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The city is my backyard, and my frontyard. Your cars are killing it, and everyone in it. “More roads! Less trees! More places to run over people! Less parks, more car parks! Less space for people, more space for cars! More asphalt and bungalow mats, and hypermarkets with vast parking lots! Less density! More distance! Less places at a walking distance! Life sentence in a stinking tin can!” So goes the cry of the petrol fascists, a rather popular movement, holding masses on every road and parking lot near you.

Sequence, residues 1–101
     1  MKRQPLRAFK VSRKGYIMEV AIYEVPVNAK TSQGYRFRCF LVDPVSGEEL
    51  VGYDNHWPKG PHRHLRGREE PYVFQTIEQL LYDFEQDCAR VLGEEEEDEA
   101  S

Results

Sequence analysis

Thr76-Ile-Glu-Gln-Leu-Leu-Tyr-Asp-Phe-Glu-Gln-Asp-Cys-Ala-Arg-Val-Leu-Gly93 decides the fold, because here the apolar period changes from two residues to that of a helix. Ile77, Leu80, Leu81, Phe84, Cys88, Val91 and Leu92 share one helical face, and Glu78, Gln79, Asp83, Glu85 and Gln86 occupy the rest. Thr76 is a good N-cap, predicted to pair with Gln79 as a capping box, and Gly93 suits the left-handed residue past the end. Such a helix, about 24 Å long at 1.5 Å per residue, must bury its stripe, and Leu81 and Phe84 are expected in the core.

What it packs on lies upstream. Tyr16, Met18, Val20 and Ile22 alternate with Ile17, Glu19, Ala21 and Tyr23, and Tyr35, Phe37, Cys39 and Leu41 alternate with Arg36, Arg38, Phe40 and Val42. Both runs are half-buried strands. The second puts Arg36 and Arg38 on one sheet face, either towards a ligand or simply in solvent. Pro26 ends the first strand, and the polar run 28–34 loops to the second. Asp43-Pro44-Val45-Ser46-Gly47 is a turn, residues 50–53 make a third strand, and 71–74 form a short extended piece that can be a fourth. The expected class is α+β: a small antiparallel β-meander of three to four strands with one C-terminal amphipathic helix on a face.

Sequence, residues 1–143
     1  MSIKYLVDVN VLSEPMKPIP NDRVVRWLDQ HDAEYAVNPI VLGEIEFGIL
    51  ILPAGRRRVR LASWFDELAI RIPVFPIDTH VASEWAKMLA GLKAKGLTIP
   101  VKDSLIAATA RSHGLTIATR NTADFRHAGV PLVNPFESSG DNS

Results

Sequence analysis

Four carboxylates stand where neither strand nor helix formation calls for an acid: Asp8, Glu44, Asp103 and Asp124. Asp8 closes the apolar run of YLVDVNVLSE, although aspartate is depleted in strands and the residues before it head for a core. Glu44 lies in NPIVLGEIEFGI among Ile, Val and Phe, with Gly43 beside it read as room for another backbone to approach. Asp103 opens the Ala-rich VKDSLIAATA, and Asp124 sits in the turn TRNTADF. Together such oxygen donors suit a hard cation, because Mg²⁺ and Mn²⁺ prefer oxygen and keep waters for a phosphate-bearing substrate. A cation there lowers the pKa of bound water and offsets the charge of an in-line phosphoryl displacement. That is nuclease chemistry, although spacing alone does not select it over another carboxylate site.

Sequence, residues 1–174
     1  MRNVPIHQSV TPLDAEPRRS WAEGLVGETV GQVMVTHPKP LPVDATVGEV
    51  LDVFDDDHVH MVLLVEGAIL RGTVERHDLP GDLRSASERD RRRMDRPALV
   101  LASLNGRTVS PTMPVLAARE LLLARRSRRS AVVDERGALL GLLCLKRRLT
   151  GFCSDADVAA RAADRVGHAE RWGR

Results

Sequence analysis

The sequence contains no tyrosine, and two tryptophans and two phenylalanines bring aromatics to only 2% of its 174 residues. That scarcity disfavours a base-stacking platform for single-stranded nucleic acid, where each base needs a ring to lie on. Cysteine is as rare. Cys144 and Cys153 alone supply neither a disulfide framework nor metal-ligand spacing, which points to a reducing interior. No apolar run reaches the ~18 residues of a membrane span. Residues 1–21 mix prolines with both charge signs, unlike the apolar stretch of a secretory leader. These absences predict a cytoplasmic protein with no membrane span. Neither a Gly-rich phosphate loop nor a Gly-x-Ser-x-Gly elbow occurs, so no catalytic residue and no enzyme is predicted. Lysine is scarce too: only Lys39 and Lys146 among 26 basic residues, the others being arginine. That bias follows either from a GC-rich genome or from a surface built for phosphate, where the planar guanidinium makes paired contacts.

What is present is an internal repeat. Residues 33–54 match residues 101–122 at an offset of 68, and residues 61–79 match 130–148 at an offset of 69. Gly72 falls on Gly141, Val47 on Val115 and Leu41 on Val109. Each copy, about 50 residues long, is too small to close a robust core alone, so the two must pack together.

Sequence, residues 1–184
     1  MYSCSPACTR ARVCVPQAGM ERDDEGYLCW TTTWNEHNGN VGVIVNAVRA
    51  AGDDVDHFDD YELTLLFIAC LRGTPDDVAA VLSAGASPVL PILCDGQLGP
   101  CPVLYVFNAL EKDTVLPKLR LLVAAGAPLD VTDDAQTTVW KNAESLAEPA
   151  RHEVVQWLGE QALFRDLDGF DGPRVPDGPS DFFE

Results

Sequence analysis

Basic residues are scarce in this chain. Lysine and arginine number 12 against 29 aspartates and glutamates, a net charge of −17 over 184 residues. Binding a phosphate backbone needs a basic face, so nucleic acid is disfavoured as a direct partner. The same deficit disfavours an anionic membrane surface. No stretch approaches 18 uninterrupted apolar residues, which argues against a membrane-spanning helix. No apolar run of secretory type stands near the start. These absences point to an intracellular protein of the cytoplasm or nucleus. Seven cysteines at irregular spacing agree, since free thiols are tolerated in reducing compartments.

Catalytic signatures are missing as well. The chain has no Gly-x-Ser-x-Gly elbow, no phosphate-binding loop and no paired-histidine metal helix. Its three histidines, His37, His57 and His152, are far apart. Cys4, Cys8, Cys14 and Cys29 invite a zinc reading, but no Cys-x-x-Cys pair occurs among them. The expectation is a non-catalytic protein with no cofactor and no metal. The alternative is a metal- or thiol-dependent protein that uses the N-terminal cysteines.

Regular traffic of cars and other noisy, fast and massive vehicles has no place next to human habitation. They kill streetlife. They kill nature. They kill scenery. They kill tranquillity, inside and outside buildings. They kill people, directly and indirectly. They need so much space that distances become enormous, and combined with the suburban low-density bungalow hell, public transport becomes non-viable and non-existent or poor (being just for the “poor”), not to even mention bicycling and the dangers imposed on it. Thus more people get into cars. More roads are needed, and the cities where these suburban motor-terrorists jam into with their machines of destruction, become untenable places to live. The car becomes a means to escape the destruction caused by – cars. More people move into suburbia, with a few less cars at a single place at a given time, and distances grow. Indeed, as there's not enough space for all the cars in the denser old city centres, and the couch-potato motorists demand parking next to the front door, even services move outside city centres into vast hypermarkets and other middle class shopping “paradises” with vast parking lots, at vast distances from where people actually live. That, or parks in the city get carpet-bombed into parking lots. The vicious circle gives birth to a car culture with a life of its own.